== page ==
Authorities said she was cited for intentionally causing a public disturbance and obstructing a police officer, both misdemeanors. She was released after her citation, police said.
Moments later, Gabrielle Middlebrooks of the Workers World Party of Durham condemned the arrest and the commission’s decision. She said she wasn’t impressed by the commissioners’ condemnation of slavery and the Confederacy as it wasn’t backed up with action.
“It’s 2018,” Middlebrooks said. “Are we really going to give out cookies for condemning keeping people as property?”
Middlebrooks rejected the idea of re-contextualizing the Confederate monuments with new signage.
“All of these statues should be removed,” Middlebrooks said. “There is no need to re-contextualize white supremacy. We know what the Confederacy stood for. Their speeches were public. The speech that was made during the dedication of Silent Sam openly called for white supremacy and celebrated the fact that a Black woman was beaten nearly to death for making fun of a white woman on the streets of Chapel Hill. White supremacy has no place in Wake County, it has no place in Durham County, it has no place in Orange County.”
“I’m sick of the Confederacy, I’m sick of white supremacy, I’m sick of feeling like a f****** n***** in this state!” Middlebrooks continued. “I’m a person, I deserve to be treated like it, I deserve to feel like it every place that I go — including the State Capitol, where I pay my goddamn taxes!”
The Rev. T. Anthony Spearman, president of the North Carolina NAACP said he was deeply disappointed by the commission’s decision.
“When I heard the committee members expressing themselves, I thought there might be some change that would occur,” Spearman said after the meeting. “I thought they were in their hearts. But it seemed not too soon after that, they vacated their hearts and went back to their heads or whatever place they went to. And they came away from it really doing nothing — a measure of futility, for the most part.”
Spearman said there is a growing frustration with the inability of the people of the state — especially minorities — to be heard by their government.
“It seems to me that if justice is going to be done in the state of North Carolina, it’s going to be found outside of the law,” Spearman said. “What I mean by that is we’re going to have to really need to consider how we can begin changing policies that are entrenching these kinds of emblems of hate in this state. Because even to move and replace it somewhere else is to transport hate to another place.”
Spearman said he does not agree with pulling down statues when they can’t be removed by other means — but he understands why it happens.
“I’m not condoning protesters taking down statues,” Spearman said. “I’m not condoning the destruction of property. But I think we need to recognize that folks sometimes when they get upset and frustrated, these are going to be the repercussions. And we need to do something to keep those repercussions from happening.”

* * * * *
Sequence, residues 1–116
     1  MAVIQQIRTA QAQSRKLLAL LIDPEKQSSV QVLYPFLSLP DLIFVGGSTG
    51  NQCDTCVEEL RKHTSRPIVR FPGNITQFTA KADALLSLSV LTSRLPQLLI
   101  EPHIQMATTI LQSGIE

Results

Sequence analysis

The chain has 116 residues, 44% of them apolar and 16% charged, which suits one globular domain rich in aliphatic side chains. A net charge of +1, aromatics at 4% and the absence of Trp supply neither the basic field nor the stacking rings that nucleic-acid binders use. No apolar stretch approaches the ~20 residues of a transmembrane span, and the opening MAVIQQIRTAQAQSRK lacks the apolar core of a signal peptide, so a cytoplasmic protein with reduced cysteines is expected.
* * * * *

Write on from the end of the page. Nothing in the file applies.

Frank Powell, representing the N.C. Sons of Confederate Veterans, said he considered the committee’s decision the best outcome for his group. He expressed skepticism about new signage contextualizing the monuments because, he said, it was clear some of the members of the Historical Commission had the wrong idea about the history and causes of the Civil War. He would reject any language that suggested slavery was the only cause of the war, he said.
He said he also rejected historians’ conclusions that these monuments were erected as part of a wave of white supremacy during the Jim Crow era. It simply took that long for a devastated South — particularly North Carolina — to be able to afford monuments to those who fought for the Confederacy, he said.
“The fact that it coincided with the Jim Crow era is just a coincidence,” he said.
While criticizing protesters who broke the law in bringing down statues, Powell was asked if he and his group believe people should not have defied then-legal segregation in protest as part of the Civil Rights movement.
Powell said he and his group have no position on that.
Gov. Cooper and Senate President Pro Tem Phil Berger (R-Rockingham) both issued statements on the commission’s decision Wednesday afternoon.
“It is time for North Carolina to realize that we can document and learn from our history without idolizing painful symbols,” Cooper said in the statement. “The General Assembly needs to change its 2015 law so our state and its people have a better path to remove or relocate these monuments safely, and I urge those who object to the monuments to call on their legislators to change the law and support legislative candidates who want to move our state forward.”
Cooper addressed the toppling of the Silent Sam monument in the statement as well, making the link between that monument and those in Raleigh that many members of the commission did Wednesday.
“The actions that toppled Silent Sam bear witness to the strong feelings many North Carolinians have about Confederate monuments,” Cooper said. “I don’t agree with or condone the way that monument came down, but protesters concluded that their leaders would not – could not — act on the frustration and pain it caused. I acknowledge, too, those who believe these monuments should stay as they are because they symbolize our history. But they are just one part of our history. North Carolina is welcoming to all, and our most prominent public places should reflect that.”
Berger also alluded to Silent Sam’s destruction.
“”I support the committee’s recommendations and pledge to work with my colleagues to implement them,” Berger said in his statement. “The thoughtful and deliberative process stands in stark contrast to the mob rule from earlier this week. When people with different perspectives come together in good faith, we can solve problems.”